In an interview on Leading, a podcast from Alastair Campbell and Rory Stewart, co-hosts of The Rest is Politics, Microsoft and Gates Foundation co-founder Bill Gates talks about his perception of the dangers of AI.
"The key thing is that the good guys have better AIs than the bad guys," Gates says. "The issues is not the AIs getting out of control, it's AIs by people with ill intent being more powerful."
"Just take cyber defence. If the good guys' cyber defence AI is as good or better than the bad guys' cyber attack AI, then that's a good situation. And you're not going to stop development of AI globally. Somebody can argue that maybe you should try and do that and create a world army to go around and invade computer labs, but not many people are pushing on that. And so you're going to have these increasingly powerful AIs that hopefully the good guys stay ahead on."
Gates won't name and shame who he believes to be a bad guy or a good guy in this analogy, though he does call out Russia's instigation of an attack against Ukraine. Otherwise, Gates hopes most countries are planning to work sensibly with AI.
"Hopefully most countries want to see this stuff shaped appropriately," Gates says.
Though Gates also notes during the episode that individual countries have less to do with the shaping of AI. This, Gates says, is due to the government market for AI being much, much smaller than the business and consumer markets.
Previous watershed technologies, including the birth of microprocessors, which was a big driving factor behind Gates' early success at Microsoft, were massively government funded in their early days.
"Governments have a challenge in that they aren't the early people who funded it [AI]. If you actually go way back 20 or 30 years ago, it was government research money, but now it's the Google, Microsoft, etc. The R&D money is huge."
Gates still works closely with Microsoft, which has teamed up with the AI software market leader, OpenAI. Gates talks to that lot, too, led by Sam Altman. With these companies charging into an AI future, it's perhaps not surprising that Gates comes across as a wary admirer of what's possible with artificial intelligence—understanding the impact AI can have on the market, and already has in ways, but keen to point out that it must be shaped to avoid dangers.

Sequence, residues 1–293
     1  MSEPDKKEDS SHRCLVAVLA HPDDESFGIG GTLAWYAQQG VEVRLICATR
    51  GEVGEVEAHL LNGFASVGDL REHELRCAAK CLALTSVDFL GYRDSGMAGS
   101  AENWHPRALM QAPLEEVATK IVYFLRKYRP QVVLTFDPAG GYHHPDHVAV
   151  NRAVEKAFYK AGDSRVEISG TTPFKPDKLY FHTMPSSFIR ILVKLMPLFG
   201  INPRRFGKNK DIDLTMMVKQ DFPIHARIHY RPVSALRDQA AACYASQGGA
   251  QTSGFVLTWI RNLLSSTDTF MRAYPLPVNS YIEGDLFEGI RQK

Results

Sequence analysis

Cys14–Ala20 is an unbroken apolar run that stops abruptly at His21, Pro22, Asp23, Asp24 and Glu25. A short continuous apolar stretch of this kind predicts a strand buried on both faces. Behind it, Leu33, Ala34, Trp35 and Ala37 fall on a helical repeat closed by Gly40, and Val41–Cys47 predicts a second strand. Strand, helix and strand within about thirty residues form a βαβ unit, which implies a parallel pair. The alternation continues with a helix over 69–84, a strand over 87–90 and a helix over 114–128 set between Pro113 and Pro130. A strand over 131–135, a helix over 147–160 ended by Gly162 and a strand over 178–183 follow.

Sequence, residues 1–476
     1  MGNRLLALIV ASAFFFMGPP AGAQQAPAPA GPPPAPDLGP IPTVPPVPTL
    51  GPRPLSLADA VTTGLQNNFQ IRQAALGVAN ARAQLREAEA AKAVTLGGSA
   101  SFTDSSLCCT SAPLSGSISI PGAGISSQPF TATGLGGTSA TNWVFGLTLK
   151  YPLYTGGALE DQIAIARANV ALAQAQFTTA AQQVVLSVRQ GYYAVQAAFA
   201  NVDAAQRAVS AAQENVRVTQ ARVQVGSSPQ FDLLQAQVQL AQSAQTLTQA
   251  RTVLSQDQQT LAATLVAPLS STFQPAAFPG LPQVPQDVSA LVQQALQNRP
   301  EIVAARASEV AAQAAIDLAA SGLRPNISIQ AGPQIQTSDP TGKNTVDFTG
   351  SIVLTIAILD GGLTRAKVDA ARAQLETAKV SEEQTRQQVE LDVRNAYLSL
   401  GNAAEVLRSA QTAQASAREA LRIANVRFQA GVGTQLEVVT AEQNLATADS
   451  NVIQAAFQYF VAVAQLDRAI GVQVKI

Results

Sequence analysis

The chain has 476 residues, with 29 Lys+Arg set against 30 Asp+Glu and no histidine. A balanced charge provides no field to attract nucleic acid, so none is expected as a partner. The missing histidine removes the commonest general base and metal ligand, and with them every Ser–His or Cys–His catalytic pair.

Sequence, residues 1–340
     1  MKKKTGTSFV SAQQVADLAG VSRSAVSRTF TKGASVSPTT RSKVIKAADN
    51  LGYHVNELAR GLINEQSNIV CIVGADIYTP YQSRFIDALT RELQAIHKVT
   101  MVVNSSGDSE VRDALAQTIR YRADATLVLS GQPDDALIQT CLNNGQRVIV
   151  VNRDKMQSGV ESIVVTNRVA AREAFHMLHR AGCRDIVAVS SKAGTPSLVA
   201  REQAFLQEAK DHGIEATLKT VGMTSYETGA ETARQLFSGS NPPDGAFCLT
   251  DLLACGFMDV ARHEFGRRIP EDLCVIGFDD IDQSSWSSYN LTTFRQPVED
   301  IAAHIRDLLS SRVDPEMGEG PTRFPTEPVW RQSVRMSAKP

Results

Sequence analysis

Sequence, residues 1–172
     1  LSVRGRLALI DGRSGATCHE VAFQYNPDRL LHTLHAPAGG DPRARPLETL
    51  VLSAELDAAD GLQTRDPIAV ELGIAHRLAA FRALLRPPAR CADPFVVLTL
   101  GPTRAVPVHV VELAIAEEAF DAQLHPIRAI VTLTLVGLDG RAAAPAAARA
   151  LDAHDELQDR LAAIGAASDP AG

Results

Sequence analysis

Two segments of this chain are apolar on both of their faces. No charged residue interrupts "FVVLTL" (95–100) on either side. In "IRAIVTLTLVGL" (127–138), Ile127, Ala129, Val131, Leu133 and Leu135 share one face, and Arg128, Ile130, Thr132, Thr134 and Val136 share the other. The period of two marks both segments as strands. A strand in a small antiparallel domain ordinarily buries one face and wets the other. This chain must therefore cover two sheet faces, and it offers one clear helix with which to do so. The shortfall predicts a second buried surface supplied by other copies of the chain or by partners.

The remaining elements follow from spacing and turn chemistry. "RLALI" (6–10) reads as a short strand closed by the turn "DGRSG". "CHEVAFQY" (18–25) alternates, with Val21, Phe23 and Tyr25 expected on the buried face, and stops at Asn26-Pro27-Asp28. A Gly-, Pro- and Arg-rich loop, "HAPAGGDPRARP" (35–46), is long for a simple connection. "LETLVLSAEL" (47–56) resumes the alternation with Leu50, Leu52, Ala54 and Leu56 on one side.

"Whenever you have innovations they're kind of neutral, in a way, and they can end up empowering just the rich, or they can end up having unexpected negative side effects. With AI we can already say that bad people can use this for a tool for cyberattack or designing weapons of bioterrorism. So, we have to shape this so that the good things, like tutors for kids who need to learn, better medical advice, we need to shape this and have great AIs that are doing cyber defence.
Your next machine
Gates concludes, "Yeah I share all the concerns, but I also see the positives as being incredibly large."
There's one topic that frequently comes up in conversation when I speak with people about the future of AI, and that's the fear of an AI system gone haywire and ending the human race. Perhaps it's the popular media that's existed for decades now that perpetuates this thinking, or we just see something in a general artificial intelligence that sounds intrinsically dangerous. But is it the AI or the humans wielding it to blame?
I'd still hold there's some degree of uncertainty around the safety of what's known as a artificial general intelligence—the potential for an AI system that no longer acts in accordance with the human actors that created it or use it. That's nothing to worry about yet, however, as we've not quite cracked an AI with the all-round smarts of a human.
You can listen to the full interview with Gates over the Leading podcast, which is available on Spotify, Audible, Apple Podcasts, among others. It's worth a listen, if not for Gates talking about AI but what it's like to have conspiracy theorists shout at him in the street for allegedly tracking them.